“I have enjoyed all the training so far! Because the concept is very new, each day provides us with a different take. So I do feel the more we attend the further understanding we take from the material. Intermediate was good to get an example of what the circles will look like and I’m looking forward to gaining a better understanding of this – which sounds like we might at this next discussion.”


Further, we have completed the ‘MyRJ’ training delivered by Andrew Robbins. This training focused on the database we will use to store and manage cases to deliver our RJ services. Security has been taken very seriously in its design where all data is secure and protected. Information is only accessible to those who are directly concerned/ involved. The software is easy to use and allows us to capture important data.


"The RJ case management software training was really insightful. The system itself will be invaluable as we launch our RJ services. The system provides easy but fully secure access for partners and it's super easy to use!"


We will be commencing Specialist Training at the end of October which will take us right through to December. This training will comprise of specialists within the field conducting sessions on; Harmful Sexual Behaviour, Sibling Sexual Abuse, and risk assessing RJ in cases of sexual harm for example. All staff will undergo six months of intensive training, to confidently identify and assess risks. If the risk is deemed too high, the case will not proceed, however, there will be other avenues to allow the survivor to continue their journey, including ‘wraparound’ support, from the minute they engage.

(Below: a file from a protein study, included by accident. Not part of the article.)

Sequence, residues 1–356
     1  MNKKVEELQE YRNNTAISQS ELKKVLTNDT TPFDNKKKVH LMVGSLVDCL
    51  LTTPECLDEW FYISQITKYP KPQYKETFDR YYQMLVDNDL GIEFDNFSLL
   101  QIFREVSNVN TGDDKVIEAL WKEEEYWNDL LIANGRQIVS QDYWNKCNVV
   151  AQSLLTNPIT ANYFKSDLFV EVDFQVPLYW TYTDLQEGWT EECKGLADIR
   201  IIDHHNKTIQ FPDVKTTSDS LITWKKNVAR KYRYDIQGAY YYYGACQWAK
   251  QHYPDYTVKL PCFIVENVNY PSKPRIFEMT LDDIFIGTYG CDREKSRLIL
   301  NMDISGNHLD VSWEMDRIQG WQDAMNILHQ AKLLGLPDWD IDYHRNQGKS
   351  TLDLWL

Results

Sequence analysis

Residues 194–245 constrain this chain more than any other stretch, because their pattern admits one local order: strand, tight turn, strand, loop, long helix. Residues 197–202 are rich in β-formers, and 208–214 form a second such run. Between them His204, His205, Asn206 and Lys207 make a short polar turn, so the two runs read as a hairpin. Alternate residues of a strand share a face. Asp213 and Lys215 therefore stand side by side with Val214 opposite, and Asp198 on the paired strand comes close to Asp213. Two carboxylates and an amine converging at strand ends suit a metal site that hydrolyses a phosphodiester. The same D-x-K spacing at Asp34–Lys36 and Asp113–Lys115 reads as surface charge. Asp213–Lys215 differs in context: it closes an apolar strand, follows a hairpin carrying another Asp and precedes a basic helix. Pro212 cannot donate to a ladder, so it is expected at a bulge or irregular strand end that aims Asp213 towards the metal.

Moreover, working groups collaborate with the advisory board, which consists of a variety of individuals from different organisations with vast knowledge, skills and expertise in RJ and sexual harm. Three main areas of development are Risk and Policy, Evaluation and Monitoring, and Service Development.

The working group values lived experiences of survivors and aim to take forward their comments and views to provide a safe, accessible, trauma-informed, and inclusive service, providing various approaches such as direct and indirect RJ, restorative healing circles, a secondary harm service and restorative storytelling.


Currently, we are working through each model and adapting current research and models to adapt to our own Thriving Survivors RJ models. All 4 services will be carried out in safe environments, following Judith Herman’s ‘3 stages of recovery', which will be implemented throughout each service and all parts of the process.


Furthermore, we are mapping out a plan as to how we will monitor and evaluate each service. This will consist of identifying the audience we want to evaluate, measuring the successes of the project, and considering what perhaps did not work and what needs to be adapted, how well the project met the needs of the participants, and ultimately whether the project led to satisfactory outcomes of the process. The data will be collected in 3 stages, 4 months, 8 months, and 12 months to grasp a good measure of the effects of each service.


We will be back in October with a further update!